01 October 2010

Stacked

For two weekends we've been stacking wood in the barn. Kevin splits the wood from trees that have fallen in bad weather or from age and then stacks them behind the barn to dry for a year. This year he's helped two other people remove large trees from their yards for next year's wood. I know that I do a lot of things many women wouldn't do but one thing I don't touch is the chainsaw. That is completely my husband's forte. I get to do the lion's share of wood stacking though.

Here it is stacked inside the barn, three rows deep stacked six feet high. The long rows are about 20 feet long and the short row is about 16 feet long.

When stacking wood I always discover the critters whose lives are intertwined with it. There are snake skins, from those who enjoy the protective coolness of the wood pile and perhaps enjoy rubbing against the rough bark. There are wasps who build their paper nests like Japanese lanterns, colorful fungi, and sometimes, near the bottom of the pile, there are bright orange newts crawling in the damp grass and soil. Today I discovered a nest of mice, one mother and her five babies, all nursing with their eyes closed.

Mother mouse peeks out at me.
My instinct is not to disturb any creature, especially one nursing its babies. But, they are mice and there's little room for sympathy on a farm. Mice get into the barn and burrow their way into the tractor's motor, dragging insulation and other nesting materials with them. They eat through the wiring. They chew through the boxes we store in our garage leaving holes in our things and their droppings behind, and they carry Lyme disease. Kevin scolded me for not killing them and I see his perspective, but I find myself asking whether a pink wriggly baby that hasn't yet opened its eyes to the world is a worthy opponent. It only craves the warmth and milk of its mother.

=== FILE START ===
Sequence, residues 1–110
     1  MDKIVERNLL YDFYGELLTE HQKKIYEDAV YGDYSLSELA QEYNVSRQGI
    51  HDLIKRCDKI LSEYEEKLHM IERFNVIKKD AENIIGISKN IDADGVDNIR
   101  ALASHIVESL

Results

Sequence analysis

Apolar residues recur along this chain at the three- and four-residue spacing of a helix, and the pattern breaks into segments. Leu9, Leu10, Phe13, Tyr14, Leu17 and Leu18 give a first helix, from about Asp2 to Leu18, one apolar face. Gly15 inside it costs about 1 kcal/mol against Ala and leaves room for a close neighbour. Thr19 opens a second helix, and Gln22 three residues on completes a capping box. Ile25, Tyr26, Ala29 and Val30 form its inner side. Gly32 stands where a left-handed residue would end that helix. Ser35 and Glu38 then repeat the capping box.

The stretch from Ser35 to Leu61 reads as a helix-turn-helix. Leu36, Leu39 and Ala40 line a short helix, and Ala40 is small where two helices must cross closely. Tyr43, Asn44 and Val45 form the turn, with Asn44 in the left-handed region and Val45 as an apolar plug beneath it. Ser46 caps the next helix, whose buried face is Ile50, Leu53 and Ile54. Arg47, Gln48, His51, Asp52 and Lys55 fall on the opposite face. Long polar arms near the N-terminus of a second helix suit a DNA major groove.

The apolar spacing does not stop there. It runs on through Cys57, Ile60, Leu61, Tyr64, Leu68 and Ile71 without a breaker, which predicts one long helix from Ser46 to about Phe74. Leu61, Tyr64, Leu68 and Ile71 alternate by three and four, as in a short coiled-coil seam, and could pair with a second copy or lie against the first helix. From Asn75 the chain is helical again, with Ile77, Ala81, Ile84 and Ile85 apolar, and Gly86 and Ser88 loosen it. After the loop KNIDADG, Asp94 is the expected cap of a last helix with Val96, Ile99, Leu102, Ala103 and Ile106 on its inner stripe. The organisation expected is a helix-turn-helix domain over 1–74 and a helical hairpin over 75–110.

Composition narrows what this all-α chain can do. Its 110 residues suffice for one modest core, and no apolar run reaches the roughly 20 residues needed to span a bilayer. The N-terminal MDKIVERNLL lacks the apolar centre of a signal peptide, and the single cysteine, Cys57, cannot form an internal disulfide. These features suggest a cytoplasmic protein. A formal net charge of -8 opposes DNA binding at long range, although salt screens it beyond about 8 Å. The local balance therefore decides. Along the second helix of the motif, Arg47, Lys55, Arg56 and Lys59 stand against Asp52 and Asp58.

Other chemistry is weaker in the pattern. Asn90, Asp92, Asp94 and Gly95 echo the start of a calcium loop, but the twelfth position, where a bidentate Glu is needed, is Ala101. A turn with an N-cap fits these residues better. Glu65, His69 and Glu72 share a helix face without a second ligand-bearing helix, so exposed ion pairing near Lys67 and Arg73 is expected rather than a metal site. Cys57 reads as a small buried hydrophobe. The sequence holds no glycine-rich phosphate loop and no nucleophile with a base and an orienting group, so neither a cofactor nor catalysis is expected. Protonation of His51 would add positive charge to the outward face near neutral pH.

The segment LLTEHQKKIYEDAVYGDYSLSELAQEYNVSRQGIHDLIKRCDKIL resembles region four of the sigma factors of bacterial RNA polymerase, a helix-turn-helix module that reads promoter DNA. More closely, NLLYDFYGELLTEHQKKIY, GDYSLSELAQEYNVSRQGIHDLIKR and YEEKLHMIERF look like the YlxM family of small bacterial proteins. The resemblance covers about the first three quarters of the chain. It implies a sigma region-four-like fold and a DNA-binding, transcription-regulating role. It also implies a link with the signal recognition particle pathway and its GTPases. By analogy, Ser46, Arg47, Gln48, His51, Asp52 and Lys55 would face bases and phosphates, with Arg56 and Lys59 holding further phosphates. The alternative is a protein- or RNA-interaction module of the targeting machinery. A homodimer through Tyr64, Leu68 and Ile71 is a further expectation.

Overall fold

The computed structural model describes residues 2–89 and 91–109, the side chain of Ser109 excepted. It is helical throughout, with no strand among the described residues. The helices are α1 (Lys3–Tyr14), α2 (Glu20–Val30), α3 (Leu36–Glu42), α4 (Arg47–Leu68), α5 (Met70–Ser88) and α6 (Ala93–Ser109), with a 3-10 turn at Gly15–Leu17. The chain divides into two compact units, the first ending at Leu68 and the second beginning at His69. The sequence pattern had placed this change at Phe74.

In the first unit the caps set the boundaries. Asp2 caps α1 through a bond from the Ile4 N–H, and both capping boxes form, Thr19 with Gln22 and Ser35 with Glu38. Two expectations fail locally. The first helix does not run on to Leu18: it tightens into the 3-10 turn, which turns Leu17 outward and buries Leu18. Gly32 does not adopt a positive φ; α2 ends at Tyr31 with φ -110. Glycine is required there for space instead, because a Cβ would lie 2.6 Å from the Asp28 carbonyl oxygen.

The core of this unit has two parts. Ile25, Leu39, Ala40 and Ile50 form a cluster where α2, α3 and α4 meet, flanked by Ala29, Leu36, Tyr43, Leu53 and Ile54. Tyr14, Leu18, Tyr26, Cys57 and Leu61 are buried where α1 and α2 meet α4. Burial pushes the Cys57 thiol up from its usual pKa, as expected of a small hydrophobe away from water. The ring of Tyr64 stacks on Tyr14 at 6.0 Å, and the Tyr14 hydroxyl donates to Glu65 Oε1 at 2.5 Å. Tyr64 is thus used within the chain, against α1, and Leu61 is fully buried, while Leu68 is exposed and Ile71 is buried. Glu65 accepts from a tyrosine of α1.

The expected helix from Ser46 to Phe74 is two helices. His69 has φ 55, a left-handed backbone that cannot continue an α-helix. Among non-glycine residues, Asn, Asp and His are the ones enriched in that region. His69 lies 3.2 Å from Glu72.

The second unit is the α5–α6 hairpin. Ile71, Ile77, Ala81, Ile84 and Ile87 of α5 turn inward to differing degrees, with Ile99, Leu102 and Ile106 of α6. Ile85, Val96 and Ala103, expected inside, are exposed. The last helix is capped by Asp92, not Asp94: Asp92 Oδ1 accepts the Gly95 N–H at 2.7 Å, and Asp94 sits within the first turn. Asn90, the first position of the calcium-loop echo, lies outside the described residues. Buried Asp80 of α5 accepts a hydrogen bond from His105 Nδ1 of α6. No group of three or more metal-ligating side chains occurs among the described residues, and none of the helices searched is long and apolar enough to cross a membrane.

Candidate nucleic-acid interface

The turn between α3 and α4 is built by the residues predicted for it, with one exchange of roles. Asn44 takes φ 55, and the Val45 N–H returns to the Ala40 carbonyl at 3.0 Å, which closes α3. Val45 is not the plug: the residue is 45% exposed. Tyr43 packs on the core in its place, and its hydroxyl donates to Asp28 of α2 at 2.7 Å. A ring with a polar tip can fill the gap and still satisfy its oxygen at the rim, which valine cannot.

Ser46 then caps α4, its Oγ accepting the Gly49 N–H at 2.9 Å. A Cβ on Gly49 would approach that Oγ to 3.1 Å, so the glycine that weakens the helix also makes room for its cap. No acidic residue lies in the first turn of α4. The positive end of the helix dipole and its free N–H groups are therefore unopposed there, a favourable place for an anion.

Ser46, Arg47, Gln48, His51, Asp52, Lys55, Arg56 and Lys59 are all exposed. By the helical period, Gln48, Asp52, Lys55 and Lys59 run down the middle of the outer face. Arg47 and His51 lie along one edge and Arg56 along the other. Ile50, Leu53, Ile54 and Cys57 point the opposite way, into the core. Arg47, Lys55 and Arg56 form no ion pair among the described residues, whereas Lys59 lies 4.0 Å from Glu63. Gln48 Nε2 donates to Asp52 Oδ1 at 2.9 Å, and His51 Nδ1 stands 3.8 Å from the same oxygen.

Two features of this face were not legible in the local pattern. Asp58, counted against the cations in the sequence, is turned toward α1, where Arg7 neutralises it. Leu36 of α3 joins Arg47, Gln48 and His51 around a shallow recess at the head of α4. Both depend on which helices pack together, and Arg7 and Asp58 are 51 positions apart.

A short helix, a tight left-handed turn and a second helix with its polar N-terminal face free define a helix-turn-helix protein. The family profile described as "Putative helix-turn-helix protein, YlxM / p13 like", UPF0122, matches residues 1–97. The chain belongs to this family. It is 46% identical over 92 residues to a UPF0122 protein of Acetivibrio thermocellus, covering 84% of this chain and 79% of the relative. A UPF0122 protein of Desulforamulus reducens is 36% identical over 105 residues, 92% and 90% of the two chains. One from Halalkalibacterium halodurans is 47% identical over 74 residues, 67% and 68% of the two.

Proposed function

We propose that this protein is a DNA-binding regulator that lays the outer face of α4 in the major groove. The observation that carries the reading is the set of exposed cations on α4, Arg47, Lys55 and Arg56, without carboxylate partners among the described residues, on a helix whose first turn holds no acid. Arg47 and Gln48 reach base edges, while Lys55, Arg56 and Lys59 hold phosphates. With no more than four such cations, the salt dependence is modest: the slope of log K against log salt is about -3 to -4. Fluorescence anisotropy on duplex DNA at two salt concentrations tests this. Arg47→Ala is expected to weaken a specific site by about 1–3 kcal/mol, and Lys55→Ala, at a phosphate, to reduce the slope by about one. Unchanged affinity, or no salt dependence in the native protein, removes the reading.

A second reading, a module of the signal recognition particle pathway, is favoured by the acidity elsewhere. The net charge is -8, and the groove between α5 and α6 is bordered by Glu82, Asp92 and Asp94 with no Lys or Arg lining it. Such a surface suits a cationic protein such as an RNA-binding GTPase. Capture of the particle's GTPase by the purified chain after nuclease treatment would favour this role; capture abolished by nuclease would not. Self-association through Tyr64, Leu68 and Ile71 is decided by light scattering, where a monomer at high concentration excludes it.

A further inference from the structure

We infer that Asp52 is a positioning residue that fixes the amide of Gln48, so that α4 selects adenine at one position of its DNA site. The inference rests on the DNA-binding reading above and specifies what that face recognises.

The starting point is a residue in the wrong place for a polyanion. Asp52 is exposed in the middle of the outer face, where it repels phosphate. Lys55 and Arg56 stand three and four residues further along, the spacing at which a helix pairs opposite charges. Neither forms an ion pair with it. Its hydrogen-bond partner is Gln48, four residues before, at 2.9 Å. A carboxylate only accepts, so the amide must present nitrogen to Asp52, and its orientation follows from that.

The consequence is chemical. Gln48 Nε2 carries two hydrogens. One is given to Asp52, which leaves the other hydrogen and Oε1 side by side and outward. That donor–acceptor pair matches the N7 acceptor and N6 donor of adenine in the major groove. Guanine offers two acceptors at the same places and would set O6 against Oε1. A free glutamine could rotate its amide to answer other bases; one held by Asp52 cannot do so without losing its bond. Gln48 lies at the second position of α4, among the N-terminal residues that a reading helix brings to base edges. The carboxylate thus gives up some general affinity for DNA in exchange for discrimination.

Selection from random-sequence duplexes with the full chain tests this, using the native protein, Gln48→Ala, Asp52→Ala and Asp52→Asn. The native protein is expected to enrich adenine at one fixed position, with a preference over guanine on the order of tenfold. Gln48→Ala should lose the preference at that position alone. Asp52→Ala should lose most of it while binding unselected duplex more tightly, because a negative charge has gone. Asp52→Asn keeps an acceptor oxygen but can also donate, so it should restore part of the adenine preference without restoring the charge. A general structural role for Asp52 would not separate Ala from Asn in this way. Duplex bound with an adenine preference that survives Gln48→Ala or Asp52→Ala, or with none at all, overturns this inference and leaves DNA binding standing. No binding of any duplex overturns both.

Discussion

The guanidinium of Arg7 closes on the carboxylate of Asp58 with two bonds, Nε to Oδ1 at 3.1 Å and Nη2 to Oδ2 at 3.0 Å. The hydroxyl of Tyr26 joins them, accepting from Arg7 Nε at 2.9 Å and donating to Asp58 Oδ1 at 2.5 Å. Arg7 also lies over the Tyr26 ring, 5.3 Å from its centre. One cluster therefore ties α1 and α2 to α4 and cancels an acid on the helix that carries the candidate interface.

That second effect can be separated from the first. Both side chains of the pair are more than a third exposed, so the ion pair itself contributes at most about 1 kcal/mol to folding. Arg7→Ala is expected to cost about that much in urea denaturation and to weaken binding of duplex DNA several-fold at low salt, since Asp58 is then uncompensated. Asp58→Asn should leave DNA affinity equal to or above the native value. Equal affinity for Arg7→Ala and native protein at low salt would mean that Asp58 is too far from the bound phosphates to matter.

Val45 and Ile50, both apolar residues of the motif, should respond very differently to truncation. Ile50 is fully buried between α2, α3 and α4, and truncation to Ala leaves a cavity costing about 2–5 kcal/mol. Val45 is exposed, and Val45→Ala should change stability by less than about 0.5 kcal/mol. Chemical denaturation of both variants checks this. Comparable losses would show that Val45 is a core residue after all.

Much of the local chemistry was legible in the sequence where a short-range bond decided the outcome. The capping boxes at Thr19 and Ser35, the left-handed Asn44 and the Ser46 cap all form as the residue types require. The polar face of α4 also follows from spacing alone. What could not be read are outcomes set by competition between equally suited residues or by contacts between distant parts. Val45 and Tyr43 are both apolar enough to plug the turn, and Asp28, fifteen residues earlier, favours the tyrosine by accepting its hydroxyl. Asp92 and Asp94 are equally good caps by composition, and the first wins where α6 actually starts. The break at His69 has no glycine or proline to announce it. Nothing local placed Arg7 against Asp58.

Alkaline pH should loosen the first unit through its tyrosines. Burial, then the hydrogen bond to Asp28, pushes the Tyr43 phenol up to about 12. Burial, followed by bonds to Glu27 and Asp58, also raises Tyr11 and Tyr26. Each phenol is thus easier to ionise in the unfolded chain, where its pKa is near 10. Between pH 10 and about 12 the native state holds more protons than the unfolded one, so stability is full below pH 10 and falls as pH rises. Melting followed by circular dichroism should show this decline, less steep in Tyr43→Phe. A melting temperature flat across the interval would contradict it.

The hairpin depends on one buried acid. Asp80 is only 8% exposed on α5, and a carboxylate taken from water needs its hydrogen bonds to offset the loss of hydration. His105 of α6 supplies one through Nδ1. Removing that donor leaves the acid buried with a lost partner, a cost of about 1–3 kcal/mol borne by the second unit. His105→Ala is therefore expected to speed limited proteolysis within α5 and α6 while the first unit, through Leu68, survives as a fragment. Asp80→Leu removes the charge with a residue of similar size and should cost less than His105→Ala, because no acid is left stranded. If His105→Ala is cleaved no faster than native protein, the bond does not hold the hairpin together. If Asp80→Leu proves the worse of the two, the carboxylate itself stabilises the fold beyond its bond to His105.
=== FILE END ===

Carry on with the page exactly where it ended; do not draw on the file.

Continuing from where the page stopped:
Two of the babies with eyes shut.
Once upon a time I worked in a laboratory where it was my job to breed a mutant strain of mouse, and to sometimes cull the babies the day they were born for tissue cultures, which I also performed. I used dry ice so the death was painless, and the purpose of my work was to learn more about muscular dystrophy treatments, but still, it's never escaped me that all those lives were in my hands.

Today though, I couldn't do it. I'll let Kevin make his own decision about the nest but my mothering instincts are too strong to destroy this home.

1 comment:

Ana Funderburk said...

There is always room for empathy on a farm. You can't be one with nature and pick and choose which aspects to embrace. Good choice :)